LA BELLE EPOQUE. Starring: Daniel Auteuil, Guillaume Canet, Doria Tillier, Fanny Ardant, Michael Cohen, and Denis Podalydes. Directed by Nicolas Bedos. Rated M (Mature themes, violence, sex, drug use, coarse language and brief nudity). 115 min.
The title of this sub-titled French film is French for “Beautiful Epoch”. It tells the story of a man, who is ordered to leave his family, and whose past life is re-enacted historically in fantasy. It was nominated for multiple awards at the 2020 Cesar awards, where the film won Best Original Screenplay, Best Supporting Actress (for Fanny Ardant), and Best Production Design.
Victor Drummond (Daniel Auteuil) is grumpily disaffected with life as a failed newspaper cartoonist. He is especially despondent about modern internet technology, which he doesn't really understand, and he is deeply depressed. Now facing his 70s, he feels his life is “totally empty”, and his long-time marriage to psychotherapist, Marianne (Fanny Ardant) is in obvious trouble. He knows she is having an affair with the man (Denis Podalydes), who has fired him from his job. Marianne tells him he has to leave, she orders him out, and he goes.
Victor’s son, Maxime (Michael Cohen), arranges for his father to talk to a company, called “Time Travellers”, which professionally stages re-enactments of the past for its customers so they can experience a previous time of their own choosing. Some clients focus on historical persons, such as Adolf Hitler, and Marie Antoinette. Victor, however, chooses to experience one week in his past life, 40 years earlier, when he first met Marianne, the woman he married, in a crowded “La Belle Époque” cafe in the city of Lyon. The independence she showed then, and which attracted him, has turned over time into verbal exchanges that demonstrate little affection. Now, Victor and Marianne mutually demean each other. Cleverly, the woman who plays Marianne with the “Time Travellers” company, shows the same traits that Marianne demonstrates in real life.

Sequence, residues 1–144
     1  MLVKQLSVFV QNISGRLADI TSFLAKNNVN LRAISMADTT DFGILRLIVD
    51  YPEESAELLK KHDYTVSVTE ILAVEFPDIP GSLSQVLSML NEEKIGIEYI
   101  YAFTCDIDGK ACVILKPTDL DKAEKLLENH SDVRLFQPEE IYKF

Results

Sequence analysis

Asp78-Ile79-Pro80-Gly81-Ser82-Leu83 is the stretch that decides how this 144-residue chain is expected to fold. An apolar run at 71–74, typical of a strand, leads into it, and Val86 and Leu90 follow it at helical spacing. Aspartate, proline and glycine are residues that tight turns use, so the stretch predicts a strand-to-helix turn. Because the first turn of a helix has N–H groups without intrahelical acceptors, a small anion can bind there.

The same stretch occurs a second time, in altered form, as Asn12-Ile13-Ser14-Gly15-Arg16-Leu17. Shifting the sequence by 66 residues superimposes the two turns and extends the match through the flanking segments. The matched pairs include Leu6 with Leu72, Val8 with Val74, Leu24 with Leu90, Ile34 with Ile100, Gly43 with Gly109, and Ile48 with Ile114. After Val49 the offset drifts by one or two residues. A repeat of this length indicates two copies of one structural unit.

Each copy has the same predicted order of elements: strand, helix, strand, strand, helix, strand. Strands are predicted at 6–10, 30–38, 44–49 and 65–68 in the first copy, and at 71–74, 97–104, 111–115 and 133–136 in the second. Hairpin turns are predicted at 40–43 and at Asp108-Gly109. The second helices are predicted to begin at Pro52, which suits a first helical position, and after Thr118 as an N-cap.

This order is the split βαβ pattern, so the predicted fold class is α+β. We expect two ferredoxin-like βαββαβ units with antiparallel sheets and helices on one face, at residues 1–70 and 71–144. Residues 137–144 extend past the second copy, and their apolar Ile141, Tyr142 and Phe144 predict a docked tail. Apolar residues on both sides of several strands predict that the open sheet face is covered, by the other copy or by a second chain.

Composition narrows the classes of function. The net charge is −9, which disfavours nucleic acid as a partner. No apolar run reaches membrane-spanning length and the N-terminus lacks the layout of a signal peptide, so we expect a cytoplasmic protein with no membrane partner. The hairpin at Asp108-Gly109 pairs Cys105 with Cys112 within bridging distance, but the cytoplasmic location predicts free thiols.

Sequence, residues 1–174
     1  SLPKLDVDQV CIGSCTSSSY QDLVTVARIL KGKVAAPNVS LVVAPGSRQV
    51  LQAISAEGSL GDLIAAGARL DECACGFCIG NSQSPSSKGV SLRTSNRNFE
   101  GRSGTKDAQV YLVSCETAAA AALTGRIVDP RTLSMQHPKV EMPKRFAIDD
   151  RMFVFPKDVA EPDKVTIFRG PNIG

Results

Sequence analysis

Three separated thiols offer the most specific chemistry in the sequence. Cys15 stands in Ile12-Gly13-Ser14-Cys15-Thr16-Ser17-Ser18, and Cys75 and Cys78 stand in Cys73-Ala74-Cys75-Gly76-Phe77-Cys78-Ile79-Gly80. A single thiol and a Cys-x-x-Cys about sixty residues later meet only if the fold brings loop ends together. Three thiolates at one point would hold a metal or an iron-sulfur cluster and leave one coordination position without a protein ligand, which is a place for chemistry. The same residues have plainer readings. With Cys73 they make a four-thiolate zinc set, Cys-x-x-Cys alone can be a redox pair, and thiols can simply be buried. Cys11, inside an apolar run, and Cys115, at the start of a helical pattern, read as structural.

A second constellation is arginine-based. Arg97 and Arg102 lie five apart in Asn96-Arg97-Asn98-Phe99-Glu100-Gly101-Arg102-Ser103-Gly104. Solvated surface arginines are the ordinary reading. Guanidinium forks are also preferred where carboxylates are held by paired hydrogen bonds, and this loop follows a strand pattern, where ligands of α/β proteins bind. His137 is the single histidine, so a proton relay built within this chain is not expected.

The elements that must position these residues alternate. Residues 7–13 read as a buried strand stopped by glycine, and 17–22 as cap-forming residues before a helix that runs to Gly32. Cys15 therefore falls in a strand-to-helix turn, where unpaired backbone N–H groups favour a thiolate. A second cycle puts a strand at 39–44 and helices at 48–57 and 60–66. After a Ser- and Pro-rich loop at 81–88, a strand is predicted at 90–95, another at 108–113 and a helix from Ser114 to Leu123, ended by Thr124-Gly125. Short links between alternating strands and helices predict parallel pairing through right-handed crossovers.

In the staged performance of Victor’s past, the role of Marianne is taken by Margot (Doria Tillier), who has a complicated and volatile sexual relationship with Antoine (Guillaume Canet), a neurotic screen-writer, who is himself estranged from his own wife, and who directs Victor’s staged life. In this film, the complexity of the narrative scenarios that typically accompany French farce is alive and well, and liberally expressed desires and sentiments abound.
The staged re-enactment captures Victor emotionally and engages him obsessively in Antoine’s restaging, where Victor loses himself in the company’s re-construction of his memories. In the world of fantasy, Victor falls in love with Margot, but back in reality he starts to reassess his relationship with the real-life Marianne. The chief message of the film is that true love is something that should not be allowed to wither and die, and needs attention to keep it vibrantly alive. The last half hour of the film becomes moving drama as fantasy and reality fuse interestingly together.
The film takes a familiar notion - how one feels, when first falling in love - and embellishes it with sharp scripting, good direction, and impressive acting. The film creatively develops the theme that memories of the past can be re-experienced to help solve difficulties of the present. This strongly nostalgic theme resurrects the lure of the past by appealing to memories that are easily forgotten. The script is loaded with one-liners; Daniel Auteuil is charismatic; Nicholas Bedos, as Director, deftly controls the mix of fantasy and reality; and Fanny Ardant’s exchanges with Guillaume Canet, as Victor, are impressively acerbic.
This is a film that cleverly expands its basic conceit. Its major theme is the significance of nostalgia for enlivening human relationships. As a French farce, the film characteristically plays fast and loose with morality in complex couplings, but there are substantial themes lying behind its facade that invite deeper scrutiny, such as the therapeutic value of nostalgia that leads people, who engage in it, to better appreciate the present. This is a film that explores human relationships by manipulating its audience in a very original way.
Peter W. Sheehan is Associate of the Australian Catholic Office for Film and Broadcasting
Released August 13, 2020